The C.A.M. Report
Complementary and Alternative Medicine: Fair, Balanced, and to the Point
  • About this web log

    This blog is intended as an objective and dispassionate source of information on the latest CAM research. Since my background is in pharmacy and allopathic medicine, I view all CAM as advancing through the development pipeline to eventually become integrated into mainstream medical practice. Some will succeed while others fail. But all are treated fairly here.

  • About the author

    John Russo, Jr., PharmD, is president of The MedCom Resource, Inc. Previously, he was senior vice president of medical communications at www.Vicus.com, a complementary and alternative medicine website.

  • Common sense considerations

    The material on this weblog is for informational purposes. It is not medical advice or counsel. Be smart, consult your health professional before using CAM.

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  • Recent Comments

    Effect of proton pump inhibitors on magnesium

    FDA advises that prescription proton pump inhibitor drugs may cause low magnesium blood levels (hypomagnesemia) if taken, in most cases, longer than one year.

    Proton pump inhibitors reduce the amount of acid in the stomach and treat conditions such as gastroesophageal reflux disease (GERD), peptic ulcers, and inflammation of the esophagus.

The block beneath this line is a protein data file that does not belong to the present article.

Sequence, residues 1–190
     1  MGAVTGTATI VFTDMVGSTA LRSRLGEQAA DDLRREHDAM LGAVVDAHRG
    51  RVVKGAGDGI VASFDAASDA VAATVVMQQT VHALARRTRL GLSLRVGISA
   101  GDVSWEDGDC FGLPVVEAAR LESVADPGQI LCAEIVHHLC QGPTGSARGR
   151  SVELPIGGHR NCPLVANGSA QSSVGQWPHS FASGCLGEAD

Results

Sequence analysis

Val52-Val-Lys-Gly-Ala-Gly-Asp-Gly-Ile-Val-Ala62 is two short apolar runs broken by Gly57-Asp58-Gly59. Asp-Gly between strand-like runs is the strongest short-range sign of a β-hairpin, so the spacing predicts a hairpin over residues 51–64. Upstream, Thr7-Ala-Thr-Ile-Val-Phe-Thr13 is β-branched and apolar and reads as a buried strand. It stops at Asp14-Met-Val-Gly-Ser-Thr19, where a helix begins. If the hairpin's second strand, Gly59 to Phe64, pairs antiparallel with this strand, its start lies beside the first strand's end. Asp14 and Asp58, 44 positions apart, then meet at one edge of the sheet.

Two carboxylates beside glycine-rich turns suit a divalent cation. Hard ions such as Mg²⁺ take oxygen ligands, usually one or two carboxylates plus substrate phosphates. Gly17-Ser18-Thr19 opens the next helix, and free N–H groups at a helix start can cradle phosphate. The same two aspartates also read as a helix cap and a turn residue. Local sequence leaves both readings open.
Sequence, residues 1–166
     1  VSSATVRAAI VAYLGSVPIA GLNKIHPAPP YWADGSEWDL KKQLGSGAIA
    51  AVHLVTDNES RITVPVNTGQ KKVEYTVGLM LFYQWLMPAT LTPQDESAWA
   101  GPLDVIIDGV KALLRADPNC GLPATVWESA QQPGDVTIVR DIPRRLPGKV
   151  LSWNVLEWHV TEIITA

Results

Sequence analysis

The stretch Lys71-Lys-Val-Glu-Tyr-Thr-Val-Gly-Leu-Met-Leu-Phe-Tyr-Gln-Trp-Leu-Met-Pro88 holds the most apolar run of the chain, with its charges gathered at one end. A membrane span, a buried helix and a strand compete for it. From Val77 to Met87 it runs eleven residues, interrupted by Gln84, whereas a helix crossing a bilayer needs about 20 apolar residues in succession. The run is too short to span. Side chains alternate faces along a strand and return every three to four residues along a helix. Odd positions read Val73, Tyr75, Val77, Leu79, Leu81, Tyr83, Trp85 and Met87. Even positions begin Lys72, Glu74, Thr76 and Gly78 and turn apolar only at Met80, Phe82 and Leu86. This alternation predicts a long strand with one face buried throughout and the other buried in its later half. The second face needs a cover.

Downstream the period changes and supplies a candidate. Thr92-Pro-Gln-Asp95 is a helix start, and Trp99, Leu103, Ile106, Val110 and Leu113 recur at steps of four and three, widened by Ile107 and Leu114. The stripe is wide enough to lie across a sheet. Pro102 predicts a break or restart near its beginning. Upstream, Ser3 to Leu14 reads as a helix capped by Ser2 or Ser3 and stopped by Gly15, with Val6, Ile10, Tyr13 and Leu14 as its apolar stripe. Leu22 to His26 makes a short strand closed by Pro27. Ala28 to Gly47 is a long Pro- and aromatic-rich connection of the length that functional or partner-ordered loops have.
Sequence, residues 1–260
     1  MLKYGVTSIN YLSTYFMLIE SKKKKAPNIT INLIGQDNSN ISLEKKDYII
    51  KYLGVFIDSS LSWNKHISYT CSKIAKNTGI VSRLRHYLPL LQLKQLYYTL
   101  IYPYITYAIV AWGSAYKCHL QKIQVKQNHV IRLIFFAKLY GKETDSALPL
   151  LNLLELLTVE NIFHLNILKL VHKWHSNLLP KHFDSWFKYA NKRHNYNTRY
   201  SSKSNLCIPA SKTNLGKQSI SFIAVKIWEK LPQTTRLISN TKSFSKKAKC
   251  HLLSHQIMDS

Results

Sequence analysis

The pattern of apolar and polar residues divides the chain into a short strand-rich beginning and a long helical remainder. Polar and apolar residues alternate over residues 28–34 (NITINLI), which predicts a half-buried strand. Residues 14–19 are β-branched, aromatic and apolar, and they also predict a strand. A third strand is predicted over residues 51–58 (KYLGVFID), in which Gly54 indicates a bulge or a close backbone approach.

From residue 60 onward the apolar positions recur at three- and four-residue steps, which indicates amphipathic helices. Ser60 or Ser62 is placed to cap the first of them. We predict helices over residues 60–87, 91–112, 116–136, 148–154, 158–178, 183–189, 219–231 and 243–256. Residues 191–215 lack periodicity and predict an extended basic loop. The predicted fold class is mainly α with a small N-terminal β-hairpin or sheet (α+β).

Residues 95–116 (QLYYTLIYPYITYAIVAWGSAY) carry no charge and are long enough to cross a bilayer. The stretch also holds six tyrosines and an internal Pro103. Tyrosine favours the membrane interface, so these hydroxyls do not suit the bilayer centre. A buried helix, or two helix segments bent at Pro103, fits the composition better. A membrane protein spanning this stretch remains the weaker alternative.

• Proton pump inhibitors include:
      • Omeprazole (Prilosec, Zegarid)
      • Lansoprazole (Prevacid)
      • Rabeprazole (Aciphex)
      • Pantoprazole (Protonix)
      • Esomeprazole (Nexium)

    Here’s what we know.

    • Low magnesium levels can result in serious adverse events including muscle spasm (tetany), irregular heartbeat (arrhythmias), and convulsions (seizures).
      • However, patients do not always have these symptoms.
    • Treatment of hypomagnesemia generally requires magnesium supplements.
      • In about one-quarter of cases, magnesium alone did not improve low magnesium levels, and the proton pump inhibitor had to be discontinued.

    The bottom line?

    Healthcare professionals should consider obtaining magnesium blood levels before starting prescription proton pump inhibitor treatment and during chronic treatment.

    Caution in patients who take proton pump inhibitors with medicine such as digoxin, diuretics, or drugs that may cause hypomagnesemia. Low magnesium in a patient taking digoxin increases the risk of serious side effects.

    3/2/11 21:09 JR

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